In the hours before he’s due at Upper Darby High School, senior Khalid Doulat has time to say prayers, help his mother or prepare for track practice.
It’s a welcome shift from last year for him and thousands of students at the school, which pushed its start time back by more than two hours — from a 7:30 a.m. start time to 9:45 a.m. One goal for the change: to ease strains on students that were more visible than ever coming out of the COVID-19 pandemic.
“I’ll be honest, I’ve been much happier in the mornings,” Doulat said. “I’ve been more positive, and I’ve come to school smiling more rather than, you know, grudging out of bed and stuff like that at 7:30.”
The idea of later school start times, pushed by many over the years as a way to help adolescents get more sleep, is getting a new look as a way to address the mental health crisis affecting teens across the U.S.
For some schools, the pandemic allowed experimentation to try new schedules. Upper Darby, for one, initially considered later start times in 2019. Ultimately, it found a way to do it this year by using distance learning as a component of the school day.
As students first came back to in-person learning, many dealt with mental health struggles and behavioral issues, Upper Darby Superintendent Daniel McGarry said. Officials saw a breakdown in students respecting the authority of teachers in the classroom.
“We had a lot of those things that we were facing and we’re still working our way through it; we’re in a much better place,” McGarry said. “I think our kids feel better. They’re not 100% better.” But, he said, much of the social anxiety students felt after being in online school has dissipated.
During the pandemic, soaring numbers of high school students expressed persistent feelings of sadness or hopelessness, with girls and LGBTQ+ youth reporting the highest levels of poor mental health and suicide attempts. It doesn’t help that research suggests middle and high school students aren’t getting enough sleep.
“These mental health challenges are already going to happen and then, with the absence of sleep, are much worse,” said Orfeu Buxton, director of the Sleep, Health & Society Collaboratory at Penn State University. “The same with decision making, suicidal ideation, those kinds of things.”
The reasons why high schools start as early as they do — many begin their day before 7:30 a.m. — are “lost to the sands of history,” Buxton said. But now, he said, “everything is baked into that: traffic light patterns, bus schedules and adults’ work.”
Nationally, at least nine states are considering legislation related to school start times, up from four the previous year, according to the National Conference on State Legislatures. California in 2019 became the first and only state to dictate school start times.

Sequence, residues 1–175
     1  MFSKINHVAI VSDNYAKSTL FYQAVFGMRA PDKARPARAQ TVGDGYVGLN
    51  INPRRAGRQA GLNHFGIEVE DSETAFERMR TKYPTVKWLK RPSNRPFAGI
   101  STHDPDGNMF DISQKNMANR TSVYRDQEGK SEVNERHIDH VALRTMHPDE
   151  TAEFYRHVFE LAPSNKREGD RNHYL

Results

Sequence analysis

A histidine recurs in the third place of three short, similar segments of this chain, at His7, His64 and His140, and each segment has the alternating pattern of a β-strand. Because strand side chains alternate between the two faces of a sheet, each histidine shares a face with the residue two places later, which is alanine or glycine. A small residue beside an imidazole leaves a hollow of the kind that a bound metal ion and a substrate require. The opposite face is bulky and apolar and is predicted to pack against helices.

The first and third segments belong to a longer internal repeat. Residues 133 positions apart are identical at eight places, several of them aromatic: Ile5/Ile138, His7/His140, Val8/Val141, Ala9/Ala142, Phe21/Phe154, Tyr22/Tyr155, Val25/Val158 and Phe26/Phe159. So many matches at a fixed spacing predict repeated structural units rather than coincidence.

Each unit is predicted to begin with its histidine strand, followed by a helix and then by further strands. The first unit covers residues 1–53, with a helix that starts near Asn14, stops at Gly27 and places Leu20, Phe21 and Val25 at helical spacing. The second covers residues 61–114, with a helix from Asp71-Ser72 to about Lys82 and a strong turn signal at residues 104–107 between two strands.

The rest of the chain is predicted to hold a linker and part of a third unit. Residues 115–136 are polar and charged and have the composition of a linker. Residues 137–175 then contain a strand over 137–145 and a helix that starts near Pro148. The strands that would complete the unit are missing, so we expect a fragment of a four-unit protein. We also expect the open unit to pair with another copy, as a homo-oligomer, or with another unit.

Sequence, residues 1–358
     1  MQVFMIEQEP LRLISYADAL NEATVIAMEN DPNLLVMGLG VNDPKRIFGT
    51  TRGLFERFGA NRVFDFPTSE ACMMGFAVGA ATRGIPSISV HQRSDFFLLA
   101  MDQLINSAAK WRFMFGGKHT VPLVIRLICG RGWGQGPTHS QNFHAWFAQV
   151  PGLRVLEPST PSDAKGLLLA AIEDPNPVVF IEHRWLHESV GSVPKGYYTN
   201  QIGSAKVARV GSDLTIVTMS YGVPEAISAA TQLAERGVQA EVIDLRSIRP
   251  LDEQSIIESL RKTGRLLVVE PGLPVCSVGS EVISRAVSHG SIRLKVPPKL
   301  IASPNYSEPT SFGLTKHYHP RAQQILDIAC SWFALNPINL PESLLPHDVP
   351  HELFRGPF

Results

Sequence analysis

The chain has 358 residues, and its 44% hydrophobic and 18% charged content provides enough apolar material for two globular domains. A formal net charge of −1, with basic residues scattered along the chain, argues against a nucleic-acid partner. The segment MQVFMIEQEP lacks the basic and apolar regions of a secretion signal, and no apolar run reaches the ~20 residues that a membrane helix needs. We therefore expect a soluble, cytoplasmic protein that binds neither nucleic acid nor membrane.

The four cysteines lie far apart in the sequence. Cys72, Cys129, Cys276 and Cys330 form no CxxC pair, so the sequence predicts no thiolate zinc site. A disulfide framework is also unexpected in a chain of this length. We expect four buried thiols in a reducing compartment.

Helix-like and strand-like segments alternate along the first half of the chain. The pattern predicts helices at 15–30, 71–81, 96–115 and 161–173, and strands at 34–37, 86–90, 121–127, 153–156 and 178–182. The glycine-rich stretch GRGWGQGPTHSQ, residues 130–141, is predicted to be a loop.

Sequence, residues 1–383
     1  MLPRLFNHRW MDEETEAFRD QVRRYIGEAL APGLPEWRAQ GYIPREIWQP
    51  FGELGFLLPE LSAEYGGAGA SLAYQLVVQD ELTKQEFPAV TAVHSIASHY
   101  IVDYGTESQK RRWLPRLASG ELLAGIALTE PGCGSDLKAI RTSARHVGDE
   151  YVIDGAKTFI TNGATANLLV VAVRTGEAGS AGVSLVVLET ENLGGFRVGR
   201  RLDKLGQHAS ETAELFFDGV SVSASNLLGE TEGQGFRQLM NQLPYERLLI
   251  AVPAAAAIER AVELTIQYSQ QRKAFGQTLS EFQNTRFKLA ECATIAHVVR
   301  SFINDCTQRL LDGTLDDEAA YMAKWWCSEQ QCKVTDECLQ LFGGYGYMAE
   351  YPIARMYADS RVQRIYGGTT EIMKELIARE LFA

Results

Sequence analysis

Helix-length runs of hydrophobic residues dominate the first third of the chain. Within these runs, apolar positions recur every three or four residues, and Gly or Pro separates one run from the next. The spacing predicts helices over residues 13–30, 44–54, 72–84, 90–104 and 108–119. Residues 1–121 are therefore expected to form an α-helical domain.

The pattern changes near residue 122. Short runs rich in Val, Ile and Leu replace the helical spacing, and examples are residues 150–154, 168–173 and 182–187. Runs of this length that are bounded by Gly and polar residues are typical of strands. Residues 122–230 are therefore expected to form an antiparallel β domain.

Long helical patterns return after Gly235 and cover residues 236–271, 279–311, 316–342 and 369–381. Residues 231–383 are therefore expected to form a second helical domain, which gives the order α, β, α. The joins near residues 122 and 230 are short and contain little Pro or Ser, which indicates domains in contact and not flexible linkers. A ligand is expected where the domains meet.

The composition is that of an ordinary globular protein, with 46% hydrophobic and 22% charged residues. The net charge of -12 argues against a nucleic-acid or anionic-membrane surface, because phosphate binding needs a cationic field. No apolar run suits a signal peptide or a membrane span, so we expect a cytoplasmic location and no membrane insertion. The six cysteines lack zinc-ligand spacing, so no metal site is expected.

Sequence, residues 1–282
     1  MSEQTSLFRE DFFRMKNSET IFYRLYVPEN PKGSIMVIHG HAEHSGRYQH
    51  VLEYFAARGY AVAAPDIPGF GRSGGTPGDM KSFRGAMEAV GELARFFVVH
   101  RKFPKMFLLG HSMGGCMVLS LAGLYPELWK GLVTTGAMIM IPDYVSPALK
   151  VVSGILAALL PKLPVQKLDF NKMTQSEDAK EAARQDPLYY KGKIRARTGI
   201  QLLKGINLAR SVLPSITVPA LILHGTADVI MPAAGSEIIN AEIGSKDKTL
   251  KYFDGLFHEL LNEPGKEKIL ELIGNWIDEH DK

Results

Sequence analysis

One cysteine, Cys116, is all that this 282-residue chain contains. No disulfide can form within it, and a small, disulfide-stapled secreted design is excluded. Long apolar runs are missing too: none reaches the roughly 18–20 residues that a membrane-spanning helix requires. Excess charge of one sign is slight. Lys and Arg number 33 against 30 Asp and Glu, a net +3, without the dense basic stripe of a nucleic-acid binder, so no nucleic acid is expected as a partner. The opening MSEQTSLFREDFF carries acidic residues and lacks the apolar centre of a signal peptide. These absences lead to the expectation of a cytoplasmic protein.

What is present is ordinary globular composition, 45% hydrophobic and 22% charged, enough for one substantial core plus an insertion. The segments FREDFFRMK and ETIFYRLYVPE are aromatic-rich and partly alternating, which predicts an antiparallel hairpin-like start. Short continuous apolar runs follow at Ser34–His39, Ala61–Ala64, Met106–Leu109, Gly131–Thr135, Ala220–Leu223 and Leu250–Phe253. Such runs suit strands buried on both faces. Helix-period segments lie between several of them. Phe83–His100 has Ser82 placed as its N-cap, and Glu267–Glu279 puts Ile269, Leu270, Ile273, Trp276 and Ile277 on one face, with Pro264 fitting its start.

Large school systems including Denver, Philadelphia and Anchorage, Alaska, have been looking into later start times.
It can require innovation to forge a new schedule.
At Upper Darby High, the school day technically still begins at 7:30 a.m., with students assigned coursework to be done remotely that ties into their lessons for the day. But they can use the early morning hours as they see fit — they can meet with teachers during office hours, sleep in or finish other homework. Ultimately, the work assigned for the early morning needs to be done, but when is up to students.
“I think getting more sleep is definitely helping,” Elise Olmstead, a junior. “I would be more irritable throughout the day, especially later, because I have a lot of after-school things. I would just have a harder time getting through the day.”
The school day still ends by 3 p.m.
Fatima Afrani, a freshman, said that when she gets home, she’ll usually relax, then help her mom or do homework.
“If I’m tired I go to sleep, which was not something I was able to do last year. Last year I just had to get my homework done because there wasn’t an option of being able to do it later,” she said. “And so I liked that if I was tired, I could listen to my body and just let myself sleep.”
Principal Matthew Alloway said educators have noticed fewer students sleeping in class. The new schedule also has allowed “kids to go to school for exactly what they need,” he said. About 400 of the school’s 4,250 students attend only through virtual learning — an option it offered to compete with online schools.
Critics have argued students have less instruction time in the new schedule. The original 80-minute periods have been shortened, but Alloway said that it’s not as if lectures always took up the full 80 minutes.
“It was sometimes a 60-minute concentrated instructional time. But then there was time to write. There was time to read. There was time to view a video,” he said.
Other challenges wrought by the pandemic — teacher shortages, for one — have also benefitted from the schedule change, administrators said. Teachers can take care of themselves and their families in the morning. Administrators have more time to replace staffers who call out sick.
Doulat, the Upper Darby senior, said that even if students can’t see the effects every day, there’s been a big positive impact.
“It’s such little changes in our daily lives that we don’t notice it,” he added. “But they slowly start building up, and we actually see the difference within our own lives.”
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